Freshly-Funded Multiverse Hopes to Seed Quantum Finance Boom
Multiverse Computing, which describes itself as the first quantum computing start-up dedicated to finance, announced some financing of its own this week: A seed funding round of €10 million (USD $11.55 million).
The two-and-a-half-year-old company’s Singularity platform allows financial industry users to apply quantum computing to potentially gain a competitive advantage. But Singularity is not a placeholder for a future when quantum commuting is a bigger part of daily business life. The platform lets people without any real knowledge of how quantum computing works to use any existing quantum computer to run ultra-efficient quantum algorithms from a simple spreadsheet to address highly complex problems, such as portfolio optimization and fraud detection.
Multiverse Computing already collaborates with recognized quantum computing firms such as IBM, Microsoft, Xanadu, D-Wave, IonQ, Rigetti, Pasqal, Alpine, Quantum Technologies, Strangeworks, Orca, Amazon AWS, Fujitsu, among others.
The firm’s new funding round was led by JME Ventures and also included Quantonation, EASO Ventures, Inveready, CLAVE Capital (Mondragón Fondo de Promoción), Ikerlan, LKS, Penja Strategy, Seed Gipuzkoa and Ezten Venture Capital Fund.
The funding will be used to consolidate the company’s growth and globalization strategy as well continue to advance its technology and marketing, according to Enrique Lizaso, Ph.D., co-founder and CEO of Multiverse Computing. He added that the San Sebastian, Spain-based company is expecting to record annual revenue close to €100 million by 2027.
Multiverse also expects to have at least 24 quantum algorithm international patents by the end of this year, and eventually more than 150 patents in its portfolio.
Román Orús, co-founder and Chief Scientific Officer for Multiverse Computing, answered questions from IQT via email, discussing his company’s use of NISQ-era facilities, its potential customer targets and how its technology could be applied in sectors outside of finance.
Multiverse is leveraging existing quantum computers, but are there any concerns about lack of error correction in current quantum computers?
Yes, of course people raise concerns about error correction. But the solutions we are developing are particularly well adapted to the processors that are not error corrected. Some of the most important applications we are currently doing concern optimization and quantum machine learning which both adapt very well to NISQ-era systems and are more robust to errors.
How can quantum computing improve an application like portfolio optimization?
You can improve portfolio optimization in a few ways. For instance, you can compute a better composition of your portfolio assets, providing better returns and lower risk with less computational effort. You can also handle many more assets with quantum computing techniques.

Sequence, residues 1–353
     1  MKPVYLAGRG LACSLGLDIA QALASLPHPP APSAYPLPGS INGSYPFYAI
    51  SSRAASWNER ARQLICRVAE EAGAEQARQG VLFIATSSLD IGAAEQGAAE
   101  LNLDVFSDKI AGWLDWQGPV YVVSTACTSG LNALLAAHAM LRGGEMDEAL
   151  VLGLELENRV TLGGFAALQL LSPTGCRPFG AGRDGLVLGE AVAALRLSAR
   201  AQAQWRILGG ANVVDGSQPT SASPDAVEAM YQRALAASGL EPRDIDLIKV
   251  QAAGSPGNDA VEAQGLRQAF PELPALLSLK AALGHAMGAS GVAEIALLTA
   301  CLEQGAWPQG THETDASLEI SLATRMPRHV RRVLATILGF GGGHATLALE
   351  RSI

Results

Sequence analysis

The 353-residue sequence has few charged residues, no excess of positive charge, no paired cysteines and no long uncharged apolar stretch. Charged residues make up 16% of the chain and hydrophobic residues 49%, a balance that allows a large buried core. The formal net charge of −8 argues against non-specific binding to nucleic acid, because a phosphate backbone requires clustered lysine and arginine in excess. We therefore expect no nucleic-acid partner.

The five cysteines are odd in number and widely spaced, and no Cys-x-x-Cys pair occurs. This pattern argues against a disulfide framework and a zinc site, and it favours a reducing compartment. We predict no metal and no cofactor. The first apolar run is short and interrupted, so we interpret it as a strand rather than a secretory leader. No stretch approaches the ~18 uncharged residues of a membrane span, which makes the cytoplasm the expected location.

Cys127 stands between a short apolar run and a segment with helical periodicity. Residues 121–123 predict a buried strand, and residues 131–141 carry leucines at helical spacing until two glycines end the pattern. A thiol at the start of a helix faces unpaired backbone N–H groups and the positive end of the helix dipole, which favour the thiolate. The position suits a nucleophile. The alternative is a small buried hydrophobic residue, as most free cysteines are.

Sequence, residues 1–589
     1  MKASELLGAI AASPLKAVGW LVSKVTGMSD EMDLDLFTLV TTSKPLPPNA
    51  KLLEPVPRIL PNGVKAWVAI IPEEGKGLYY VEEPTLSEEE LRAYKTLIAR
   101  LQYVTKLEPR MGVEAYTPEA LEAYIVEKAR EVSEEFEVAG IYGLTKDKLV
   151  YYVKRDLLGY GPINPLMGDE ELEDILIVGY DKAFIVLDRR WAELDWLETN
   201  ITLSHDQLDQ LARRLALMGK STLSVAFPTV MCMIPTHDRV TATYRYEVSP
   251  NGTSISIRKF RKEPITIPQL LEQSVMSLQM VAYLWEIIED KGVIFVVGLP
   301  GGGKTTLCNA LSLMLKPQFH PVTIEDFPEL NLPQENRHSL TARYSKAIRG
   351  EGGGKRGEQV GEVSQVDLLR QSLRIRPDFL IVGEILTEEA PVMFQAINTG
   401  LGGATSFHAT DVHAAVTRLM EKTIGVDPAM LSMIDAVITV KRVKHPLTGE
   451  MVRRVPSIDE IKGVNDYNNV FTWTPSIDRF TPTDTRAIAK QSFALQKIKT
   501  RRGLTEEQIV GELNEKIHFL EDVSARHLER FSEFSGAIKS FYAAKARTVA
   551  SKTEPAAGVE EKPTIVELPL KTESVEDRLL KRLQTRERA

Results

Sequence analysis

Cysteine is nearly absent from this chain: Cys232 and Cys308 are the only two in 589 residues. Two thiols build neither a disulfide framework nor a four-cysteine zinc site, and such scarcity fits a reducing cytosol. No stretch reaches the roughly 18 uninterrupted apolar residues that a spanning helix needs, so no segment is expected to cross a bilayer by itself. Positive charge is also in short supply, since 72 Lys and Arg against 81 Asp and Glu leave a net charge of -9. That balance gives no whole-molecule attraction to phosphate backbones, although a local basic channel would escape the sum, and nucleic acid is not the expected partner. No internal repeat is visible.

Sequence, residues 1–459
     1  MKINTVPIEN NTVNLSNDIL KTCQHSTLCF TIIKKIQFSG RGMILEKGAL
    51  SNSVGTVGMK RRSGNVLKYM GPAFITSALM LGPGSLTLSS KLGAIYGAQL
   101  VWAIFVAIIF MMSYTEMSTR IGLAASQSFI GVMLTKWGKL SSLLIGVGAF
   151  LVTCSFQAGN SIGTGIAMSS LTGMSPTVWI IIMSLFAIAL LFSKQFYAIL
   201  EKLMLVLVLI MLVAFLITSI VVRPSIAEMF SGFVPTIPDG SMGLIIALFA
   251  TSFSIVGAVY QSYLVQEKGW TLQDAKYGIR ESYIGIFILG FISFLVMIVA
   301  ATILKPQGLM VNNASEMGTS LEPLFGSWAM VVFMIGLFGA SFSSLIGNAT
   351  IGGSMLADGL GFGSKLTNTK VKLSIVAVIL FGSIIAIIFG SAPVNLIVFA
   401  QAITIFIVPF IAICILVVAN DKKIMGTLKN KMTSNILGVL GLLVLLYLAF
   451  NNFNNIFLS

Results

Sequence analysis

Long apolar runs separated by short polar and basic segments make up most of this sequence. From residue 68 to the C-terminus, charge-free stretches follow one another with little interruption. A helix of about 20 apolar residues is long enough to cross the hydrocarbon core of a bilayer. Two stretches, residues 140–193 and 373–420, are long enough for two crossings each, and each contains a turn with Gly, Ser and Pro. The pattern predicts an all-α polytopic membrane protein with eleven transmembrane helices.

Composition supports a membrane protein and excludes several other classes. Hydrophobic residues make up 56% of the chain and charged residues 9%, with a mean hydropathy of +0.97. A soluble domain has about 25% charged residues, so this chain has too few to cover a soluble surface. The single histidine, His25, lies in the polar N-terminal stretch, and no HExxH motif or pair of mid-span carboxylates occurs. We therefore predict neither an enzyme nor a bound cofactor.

How would customers use Multiverse’s offerings?
Through our Singularity software, they can access quantum computers and the different types of solutions and algorithms we are developing now. To run on these computers, the user will have to buy time directly with a provider – we can assist with that, or they can go directly to IBM, for example, and buy computational time.
Can you name customers or types of customers that would be interested in what you have to offer?
Yes, banks and large financial institutions with portfolio managers are interested in our portfolio optimization solution. For example, we have been working with Credit Agricole CIB, the corporate and investment banking arm of Credit Agricole Group, the 12th-largest banking group worldwide. We are very happy to be working with them and are building a very strong team. They are committed to quantum and quantum-inspired techniques and are already seeing value. We are also working on a variety of other solutions and some that will be of interest to tax agencies and insurance companies, for example.
Is Multiverse going to focus on other sectors besides financial to help users leverage the power of existing quantum computers?
Yes, that’s one of the main goals of this funding round. One of the most important objectives is to expand our solutions to other verticals. So, the core of the algorithms that we use for finance can be used in other places, even though the application changes. We are already doing something in energy and manufacturing and will be doing something in transportation, such as designing new batteries for more efficient electric cars as well as optimizing traffic in cities.
Our philosophy is that people who have no clue about quantum programming can use these tools. That’s why, for instance, for finance, the plugin is Excel, because it’s super simple – you just install it and you have your data there. You click it and you don’t know what happens, but it’s actually happening. We feel our solutions will be the most powerful solutions in the world, but also very easy to use.
The business benefit in finance was immediate because there already are many problems of interest to people. But we’re going to see benefits in energy and transportation, too, in the next couple of years.